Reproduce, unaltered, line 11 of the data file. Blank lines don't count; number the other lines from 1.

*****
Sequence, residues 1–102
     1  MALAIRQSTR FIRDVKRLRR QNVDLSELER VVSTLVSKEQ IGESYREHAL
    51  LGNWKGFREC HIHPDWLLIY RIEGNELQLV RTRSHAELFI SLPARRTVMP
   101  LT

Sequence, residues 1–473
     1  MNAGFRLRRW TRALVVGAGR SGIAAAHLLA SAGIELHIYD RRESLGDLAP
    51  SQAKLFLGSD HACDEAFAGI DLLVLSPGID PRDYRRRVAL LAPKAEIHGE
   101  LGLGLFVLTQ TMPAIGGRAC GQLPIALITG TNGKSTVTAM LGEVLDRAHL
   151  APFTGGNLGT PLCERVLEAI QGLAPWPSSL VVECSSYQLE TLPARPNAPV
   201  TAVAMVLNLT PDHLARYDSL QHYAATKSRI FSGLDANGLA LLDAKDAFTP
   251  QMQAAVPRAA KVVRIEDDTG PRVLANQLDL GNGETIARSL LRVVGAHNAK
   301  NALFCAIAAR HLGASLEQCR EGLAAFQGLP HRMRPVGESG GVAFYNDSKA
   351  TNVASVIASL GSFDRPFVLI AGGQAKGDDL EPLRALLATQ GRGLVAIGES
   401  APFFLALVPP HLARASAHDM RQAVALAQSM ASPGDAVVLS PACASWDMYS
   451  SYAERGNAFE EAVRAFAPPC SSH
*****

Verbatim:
   251  QMQAAVPRAA KVVRIEDDTG PRVLANQLDL GNGETIARSL LRVVGAHNAK